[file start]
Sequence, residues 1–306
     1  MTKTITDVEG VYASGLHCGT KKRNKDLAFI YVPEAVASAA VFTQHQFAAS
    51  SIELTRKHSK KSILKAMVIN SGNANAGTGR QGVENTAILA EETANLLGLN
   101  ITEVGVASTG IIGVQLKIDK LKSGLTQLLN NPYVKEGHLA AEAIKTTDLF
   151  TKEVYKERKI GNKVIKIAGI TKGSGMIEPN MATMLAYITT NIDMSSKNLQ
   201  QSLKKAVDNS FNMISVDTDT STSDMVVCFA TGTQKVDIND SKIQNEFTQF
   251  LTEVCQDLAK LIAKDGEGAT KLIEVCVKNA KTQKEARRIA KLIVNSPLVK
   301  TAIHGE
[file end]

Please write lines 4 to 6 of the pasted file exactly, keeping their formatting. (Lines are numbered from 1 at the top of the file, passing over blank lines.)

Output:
   101  ITEVGVASTG IIGVQLKIDK LKSGLTQLLN NPYVKEGHLA AEAIKTTDLF
   151  TKEVYKERKI GNKVIKIAGI TKGSGMIEPN MATMLAYITT NIDMSSKNLQ
   201  QSLKKAVDNS FNMISVDTDT STSDMVVCFA TGTQKVDIND SKIQNEFTQF